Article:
Let's talk about lab water
Let's talk about lab water
The future of personalized medicines is reliant on next-generation gene sequencing and the correct mapping of the human genome. The next stage would be a faster response and easier access to healthcare and diagnosis for all people around the world. The various evolutions of lab-on-a-chip and point-of-care testing devices are paving the way for a potentially bright future for humanity.
We are now combining the concepts of clinical diagnostics with nanotechnology and microfluidics to look at something at the fringes of scientific possibility. At the moment the analyzers that are used take up the majority of the lab space and are capable of analyzing around 1,000 samples per day. However if you do not have an inkling as to what might be wrong with your patient you will need to take several vials of blood and test it on different instruments for different possible ailments. This is not only time consuming but also costs money.
Move over bulky clinical analyzer and welcome the baby brother of the lab, lab-on-a-chip. The concept is pretty straight-forward: a single drop of blood and you can analyze it for multiple illnesses all in one space. This saves on reagent cost, sample wastage, lab space, sample analysis and analysis time.
How long do you usually have to wait to find out what might be wrong with you? In the UK this could be anything up to 6 weeks (if you are on the publicly-funded NHS). If you are in China or Africa where access to healthcare is at a premium, this might be even longer. Lab-on-a-chip could drastically reduce the waiting time for results possibly saving in the process.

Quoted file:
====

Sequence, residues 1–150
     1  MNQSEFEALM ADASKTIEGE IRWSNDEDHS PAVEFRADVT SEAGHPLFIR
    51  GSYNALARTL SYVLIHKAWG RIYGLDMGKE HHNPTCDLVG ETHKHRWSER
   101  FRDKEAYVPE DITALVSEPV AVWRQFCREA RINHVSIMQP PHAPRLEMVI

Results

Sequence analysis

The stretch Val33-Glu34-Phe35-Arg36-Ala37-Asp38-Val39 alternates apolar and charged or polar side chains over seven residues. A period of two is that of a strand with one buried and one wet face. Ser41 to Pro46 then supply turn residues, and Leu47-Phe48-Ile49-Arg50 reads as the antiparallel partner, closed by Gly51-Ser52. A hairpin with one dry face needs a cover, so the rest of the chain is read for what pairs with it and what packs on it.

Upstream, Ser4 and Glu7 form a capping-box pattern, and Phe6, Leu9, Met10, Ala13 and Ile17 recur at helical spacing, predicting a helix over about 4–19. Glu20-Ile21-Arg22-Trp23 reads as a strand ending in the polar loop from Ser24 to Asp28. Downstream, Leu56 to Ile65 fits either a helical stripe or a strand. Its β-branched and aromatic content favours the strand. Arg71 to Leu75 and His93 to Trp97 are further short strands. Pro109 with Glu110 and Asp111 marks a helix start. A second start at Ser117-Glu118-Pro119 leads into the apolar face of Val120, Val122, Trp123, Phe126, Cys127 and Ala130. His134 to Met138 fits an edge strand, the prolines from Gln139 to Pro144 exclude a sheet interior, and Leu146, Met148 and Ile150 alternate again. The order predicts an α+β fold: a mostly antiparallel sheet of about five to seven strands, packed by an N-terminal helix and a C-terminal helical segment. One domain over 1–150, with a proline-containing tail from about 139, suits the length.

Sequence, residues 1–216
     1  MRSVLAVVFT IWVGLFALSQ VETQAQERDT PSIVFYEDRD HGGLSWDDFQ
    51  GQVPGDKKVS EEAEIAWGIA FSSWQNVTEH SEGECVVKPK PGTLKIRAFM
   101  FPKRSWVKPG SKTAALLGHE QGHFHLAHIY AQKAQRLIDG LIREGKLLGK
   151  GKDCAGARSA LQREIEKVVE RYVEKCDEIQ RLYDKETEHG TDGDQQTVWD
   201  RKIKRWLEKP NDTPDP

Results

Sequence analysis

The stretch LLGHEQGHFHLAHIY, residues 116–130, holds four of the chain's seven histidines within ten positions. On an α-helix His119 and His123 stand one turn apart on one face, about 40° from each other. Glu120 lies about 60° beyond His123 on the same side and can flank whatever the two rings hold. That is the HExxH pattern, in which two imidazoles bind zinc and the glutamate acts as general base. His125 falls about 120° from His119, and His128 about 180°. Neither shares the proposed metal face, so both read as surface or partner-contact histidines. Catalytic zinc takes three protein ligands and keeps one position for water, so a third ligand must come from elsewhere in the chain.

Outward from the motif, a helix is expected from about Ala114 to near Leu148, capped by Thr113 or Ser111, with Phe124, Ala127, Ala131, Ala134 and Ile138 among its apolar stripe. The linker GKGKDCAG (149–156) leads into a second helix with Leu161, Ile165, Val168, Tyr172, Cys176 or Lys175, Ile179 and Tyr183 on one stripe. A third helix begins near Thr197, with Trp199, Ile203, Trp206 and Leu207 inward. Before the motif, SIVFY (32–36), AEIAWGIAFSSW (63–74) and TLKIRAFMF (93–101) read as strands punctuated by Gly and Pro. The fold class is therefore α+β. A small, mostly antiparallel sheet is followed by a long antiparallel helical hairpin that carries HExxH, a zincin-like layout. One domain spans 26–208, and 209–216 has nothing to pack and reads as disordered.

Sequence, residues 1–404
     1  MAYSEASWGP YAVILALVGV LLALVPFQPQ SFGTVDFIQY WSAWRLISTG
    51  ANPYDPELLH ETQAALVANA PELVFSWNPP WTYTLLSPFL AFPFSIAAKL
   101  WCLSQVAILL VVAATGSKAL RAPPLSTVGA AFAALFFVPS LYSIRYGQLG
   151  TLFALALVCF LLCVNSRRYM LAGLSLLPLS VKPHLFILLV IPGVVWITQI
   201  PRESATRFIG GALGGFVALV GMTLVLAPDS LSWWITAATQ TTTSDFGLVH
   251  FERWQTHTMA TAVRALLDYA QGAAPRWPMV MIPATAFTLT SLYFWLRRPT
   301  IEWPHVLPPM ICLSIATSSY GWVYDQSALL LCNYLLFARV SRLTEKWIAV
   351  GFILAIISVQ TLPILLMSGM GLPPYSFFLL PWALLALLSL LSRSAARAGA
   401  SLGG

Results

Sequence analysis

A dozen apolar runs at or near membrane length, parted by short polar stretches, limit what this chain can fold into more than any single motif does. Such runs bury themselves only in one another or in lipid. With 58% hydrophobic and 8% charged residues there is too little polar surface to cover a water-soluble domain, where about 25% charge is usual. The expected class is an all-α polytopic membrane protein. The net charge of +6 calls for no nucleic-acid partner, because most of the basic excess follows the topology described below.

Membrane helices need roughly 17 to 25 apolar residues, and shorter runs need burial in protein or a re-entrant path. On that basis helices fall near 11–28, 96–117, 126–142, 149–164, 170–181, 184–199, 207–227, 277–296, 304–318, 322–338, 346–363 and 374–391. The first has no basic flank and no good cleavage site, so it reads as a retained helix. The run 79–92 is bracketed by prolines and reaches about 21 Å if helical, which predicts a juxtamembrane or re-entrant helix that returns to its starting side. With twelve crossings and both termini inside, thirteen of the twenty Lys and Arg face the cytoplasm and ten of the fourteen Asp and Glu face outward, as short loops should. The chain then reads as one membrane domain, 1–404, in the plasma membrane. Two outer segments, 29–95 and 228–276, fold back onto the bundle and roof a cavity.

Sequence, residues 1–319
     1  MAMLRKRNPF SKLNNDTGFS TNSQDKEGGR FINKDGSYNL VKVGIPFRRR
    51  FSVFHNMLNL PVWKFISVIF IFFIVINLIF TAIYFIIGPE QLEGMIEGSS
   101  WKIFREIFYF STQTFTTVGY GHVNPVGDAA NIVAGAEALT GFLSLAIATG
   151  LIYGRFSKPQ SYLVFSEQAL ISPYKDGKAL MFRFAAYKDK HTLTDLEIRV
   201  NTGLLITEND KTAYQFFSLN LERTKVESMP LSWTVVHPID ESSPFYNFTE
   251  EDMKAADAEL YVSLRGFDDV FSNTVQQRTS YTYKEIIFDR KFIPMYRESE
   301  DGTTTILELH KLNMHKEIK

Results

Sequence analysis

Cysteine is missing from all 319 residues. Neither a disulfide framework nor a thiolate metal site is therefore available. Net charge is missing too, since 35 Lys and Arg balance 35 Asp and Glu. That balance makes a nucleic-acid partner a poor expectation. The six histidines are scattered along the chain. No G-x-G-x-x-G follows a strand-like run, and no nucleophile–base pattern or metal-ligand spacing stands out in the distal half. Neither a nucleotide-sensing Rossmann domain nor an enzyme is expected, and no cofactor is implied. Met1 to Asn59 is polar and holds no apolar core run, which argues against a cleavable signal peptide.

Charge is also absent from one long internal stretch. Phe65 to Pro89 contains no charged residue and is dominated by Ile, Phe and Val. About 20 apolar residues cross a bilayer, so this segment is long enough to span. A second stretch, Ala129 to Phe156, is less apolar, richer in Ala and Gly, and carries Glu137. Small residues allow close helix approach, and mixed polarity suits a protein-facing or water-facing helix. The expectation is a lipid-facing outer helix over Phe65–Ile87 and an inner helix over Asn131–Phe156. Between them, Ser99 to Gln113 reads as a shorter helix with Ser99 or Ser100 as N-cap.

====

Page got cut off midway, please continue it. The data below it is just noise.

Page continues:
An interesting concept that could prove groundbreaking would be to make use of what we already carry around with us on a daily basis – our phones. The second phase of lab-on-a-chip could be point-of-care testing devices. The idea is to bring the testing and diagnosis straight to the patient and in the comfort of their own homes.
A lot of the software and concepts of such health technology is rapidly becoming available, allowing connected devices to track various metrics such as movement, blood pressure, heart rate, exercise regimes and levels (for example, Google Fit, HealthKit, FitBit and more).
A recent article with comments by Eric Topol, a leading American cardiologist, geneticist and researcher, suggests that diseases such as the recent Ebola outbreak could be better monitored and managed through the use of smartphones: diagnosis could be quicker, patients could have their movements tracked more easily through the maps feature of their phones. To take it one step further a polymerase chain reaction (PCR) technique could be added to the phone with the camera then being used to determine whether a virus was present – all within two hours of a skin prick.
Another future potential could be using search statistics to map and possibly even pre-empt the next common outbreaks such as flu, dengue fever and tuberculosis. The study by US scientists analyzed data from 2010 to 2013 and looked at Wikipedia searches to map measured outbreaks around the world. Their thoughts are that such a study could change the way in which the world responds to epidemics. It is questionable whether such a method would work in countries where internet access is poor, but it is definitely something to look out for in the future.
The opportunities presented with this technology are endless, and could be used to drastically cut the morbidity and mortality rates of the world. There are undoubtedly a number of challenges to overcome before point-of-care devices will be the norm. Issues with regards to data privacy and protection need to be carefully addressed before such tools can be added to all smartphones around the world.
So to conclude our three part blog series we have delved into the world of gene sequencing and investigated ways in which the future of society as a whole would be brighter with personalized medicines and point-of-care testing devices. It is intriguing to think of how far the science has come from the discovery of DNA back in the 1950s, and just where the future will take us.
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